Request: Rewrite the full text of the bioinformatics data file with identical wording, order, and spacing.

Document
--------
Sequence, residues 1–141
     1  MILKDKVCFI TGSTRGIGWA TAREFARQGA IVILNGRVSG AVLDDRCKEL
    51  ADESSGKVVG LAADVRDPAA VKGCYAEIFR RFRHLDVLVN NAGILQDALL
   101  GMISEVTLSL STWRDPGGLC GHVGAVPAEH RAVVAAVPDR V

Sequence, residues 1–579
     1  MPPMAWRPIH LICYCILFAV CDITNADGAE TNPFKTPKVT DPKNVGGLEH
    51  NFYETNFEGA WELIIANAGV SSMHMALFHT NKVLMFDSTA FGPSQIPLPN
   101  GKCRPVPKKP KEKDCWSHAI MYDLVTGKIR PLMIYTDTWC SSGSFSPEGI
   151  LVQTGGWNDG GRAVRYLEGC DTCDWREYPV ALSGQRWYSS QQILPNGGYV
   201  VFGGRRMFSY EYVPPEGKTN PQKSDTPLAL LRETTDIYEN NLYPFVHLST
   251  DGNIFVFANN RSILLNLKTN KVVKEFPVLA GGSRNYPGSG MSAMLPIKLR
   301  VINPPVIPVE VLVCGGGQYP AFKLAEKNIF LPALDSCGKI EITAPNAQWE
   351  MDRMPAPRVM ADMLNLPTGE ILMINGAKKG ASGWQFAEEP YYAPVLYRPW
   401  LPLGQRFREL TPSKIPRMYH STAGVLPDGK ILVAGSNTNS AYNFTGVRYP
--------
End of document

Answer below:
Sequence, residues 1–141
     1  MILKDKVCFI TGSTRGIGWA TAREFARQGA IVILNGRVSG AVLDDRCKEL
    51  ADESSGKVVG LAADVRDPAA VKGCYAEIFR RFRHLDVLVN NAGILQDALL
   101  GMISEVTLSL STWRDPGGLC GHVGAVPAEH RAVVAAVPDR V

Sequence, residues 1–579
     1  MPPMAWRPIH LICYCILFAV CDITNADGAE TNPFKTPKVT DPKNVGGLEH
    51  NFYETNFEGA WELIIANAGV SSMHMALFHT NKVLMFDSTA FGPSQIPLPN
   101  GKCRPVPKKP KEKDCWSHAI MYDLVTGKIR PLMIYTDTWC SSGSFSPEGI
   151  LVQTGGWNDG GRAVRYLEGC DTCDWREYPV ALSGQRWYSS QQILPNGGYV
   201  VFGGRRMFSY EYVPPEGKTN PQKSDTPLAL LRETTDIYEN NLYPFVHLST
   251  DGNIFVFANN RSILLNLKTN KVVKEFPVLA GGSRNYPGSG MSAMLPIKLR
   301  VINPPVIPVE VLVCGGGQYP AFKLAEKNIF LPALDSCGKI EITAPNAQWE
   351  MDRMPAPRVM ADMLNLPTGE ILMINGAKKG ASGWQFAEEP YYAPVLYRPW
   401  LPLGQRFREL TPSKIPRMYH STAGVLPDGK ILVAGSNTNS AYNFTGVRYP